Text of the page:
Over 47 million Americans go hungry daily. Over 101 million Americans currently receive government food assistance. Approximately 40 million Americans are unemployed or underemployed. Over 44 million Americans do not have health insurance but most of these people will be able to get affordable health care on January 1 under the affordable health care act . Millions of Americans are still unemployed. 633,732 Americans are currently homeless. Over 20 million Americans say they have experienced homelessness once in life.

These are sobering facts, and sadly, some try to ignore or gloss over these facts. Millions of Americans are struggling to survive and these people need help.

Some people say it is the place of the church to help these people; but the church does not have the resources to help everyone. Some people say it is up to charities to help; but charities are struggling to stay open. Food pantries are empty. Some people say those in need are lazy or a victim of their own bad choices. These are a few of the excuses used to justify not giving help. In reality, the only entity that is large enough to provide the level of help needed is the federal government.

This was proven during and after the Great Depression, and when it comes to past, the same will be the result in the current economic conditions. This is probably unwelcome news for those who spend their time assaulting the federal government and protecting the 1%.

It seems some who attack the federal government only do so with their party is not in the majority. It is even more interesting that when they are in control of the government, things seem to collapse; the economy fails, financial institutions collapse, greed and self indulgence runs rampant.

Many people have demonized the act of helping those in need by using the word liberal or calling those in need lazy. Greedy people love the word Liberal. Liberalism is what made this nation great. You have your social security benefits, Medicare, Medicaid, disability insurance, Veteran benefits, consumer protection, food protection, food stamps, environmental protection, worker protection, and many other benefits because of the acts of liberalism.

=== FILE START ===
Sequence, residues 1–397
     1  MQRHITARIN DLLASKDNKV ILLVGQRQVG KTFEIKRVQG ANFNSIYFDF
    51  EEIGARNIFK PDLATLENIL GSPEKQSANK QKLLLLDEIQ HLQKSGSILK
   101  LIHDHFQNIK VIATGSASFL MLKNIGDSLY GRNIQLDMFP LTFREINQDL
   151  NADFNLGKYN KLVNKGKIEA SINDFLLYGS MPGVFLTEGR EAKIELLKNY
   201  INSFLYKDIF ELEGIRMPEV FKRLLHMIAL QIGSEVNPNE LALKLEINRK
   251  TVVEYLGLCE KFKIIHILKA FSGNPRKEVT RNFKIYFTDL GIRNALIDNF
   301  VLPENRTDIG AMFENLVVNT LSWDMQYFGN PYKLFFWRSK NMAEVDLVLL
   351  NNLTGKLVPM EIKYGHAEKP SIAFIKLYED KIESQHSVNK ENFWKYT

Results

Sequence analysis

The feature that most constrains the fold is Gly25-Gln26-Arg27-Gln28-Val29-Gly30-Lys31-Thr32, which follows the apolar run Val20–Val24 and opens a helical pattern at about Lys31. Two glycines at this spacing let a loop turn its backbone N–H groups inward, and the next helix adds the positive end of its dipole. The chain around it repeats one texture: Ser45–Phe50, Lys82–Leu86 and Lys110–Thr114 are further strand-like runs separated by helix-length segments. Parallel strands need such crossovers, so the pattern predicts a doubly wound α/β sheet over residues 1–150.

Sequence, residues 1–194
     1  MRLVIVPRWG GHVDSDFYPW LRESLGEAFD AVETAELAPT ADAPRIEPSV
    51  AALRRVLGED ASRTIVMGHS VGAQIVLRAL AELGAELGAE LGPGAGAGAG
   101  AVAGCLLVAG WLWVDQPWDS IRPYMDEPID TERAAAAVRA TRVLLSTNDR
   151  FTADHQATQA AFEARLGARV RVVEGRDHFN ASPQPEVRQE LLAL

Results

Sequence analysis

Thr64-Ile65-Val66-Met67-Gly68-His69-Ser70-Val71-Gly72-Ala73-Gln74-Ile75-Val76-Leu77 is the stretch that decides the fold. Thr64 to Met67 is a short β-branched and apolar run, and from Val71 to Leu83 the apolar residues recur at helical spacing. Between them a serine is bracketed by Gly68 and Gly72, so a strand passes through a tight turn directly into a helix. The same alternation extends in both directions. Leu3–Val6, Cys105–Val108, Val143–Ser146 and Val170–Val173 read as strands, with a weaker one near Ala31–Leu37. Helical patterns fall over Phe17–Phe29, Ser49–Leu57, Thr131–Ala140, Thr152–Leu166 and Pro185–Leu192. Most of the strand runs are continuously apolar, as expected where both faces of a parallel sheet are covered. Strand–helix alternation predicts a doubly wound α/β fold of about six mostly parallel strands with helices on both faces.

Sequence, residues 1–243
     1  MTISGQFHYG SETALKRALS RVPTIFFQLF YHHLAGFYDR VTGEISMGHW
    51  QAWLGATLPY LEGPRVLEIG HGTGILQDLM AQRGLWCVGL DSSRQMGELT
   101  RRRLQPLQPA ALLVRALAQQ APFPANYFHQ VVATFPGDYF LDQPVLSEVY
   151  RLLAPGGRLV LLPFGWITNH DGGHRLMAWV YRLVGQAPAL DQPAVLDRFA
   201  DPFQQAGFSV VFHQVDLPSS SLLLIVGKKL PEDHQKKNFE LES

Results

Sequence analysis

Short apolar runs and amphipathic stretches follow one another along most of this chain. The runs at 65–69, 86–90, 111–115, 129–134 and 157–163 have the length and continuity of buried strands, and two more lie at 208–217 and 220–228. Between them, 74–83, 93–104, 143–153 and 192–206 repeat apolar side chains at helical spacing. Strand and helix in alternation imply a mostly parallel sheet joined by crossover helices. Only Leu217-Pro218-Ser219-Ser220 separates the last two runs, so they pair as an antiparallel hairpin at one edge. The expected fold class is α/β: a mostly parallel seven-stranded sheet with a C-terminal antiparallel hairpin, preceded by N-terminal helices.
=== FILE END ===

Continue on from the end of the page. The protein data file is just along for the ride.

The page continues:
The bankers stuffed their pockets full of taxpayer dollars. Large corporations stuff their pockets full of stolen taxpayer dollars and corporate welfare. Elected officials misuse taxpayer money. Greed permeates our society at every level. The 1% get tax breaks while the middle class is carrying the burden and/or being crushed. Some even suggest that the Bible should be revised to remove the sections that direct people to care for the poor.

How long will we have no compassion or sympathy for those in need? Some people seem to have no problem with fellow Americans having no health insurance coverage. Many have no problems with American families sleeping in tent cities under bridges. Republicans and conservatives have no problem slashing money from the SNAP programs although millions of Americans are hungry and need food assistance.

We have much to be thankful for but how long will it be before we become one of the less fortunate? We are the 99% and many are one pay check away from the streets. If you loose your job, home, health insurance or food, do you want to be told, “I will pay for mine and you pay for yours”?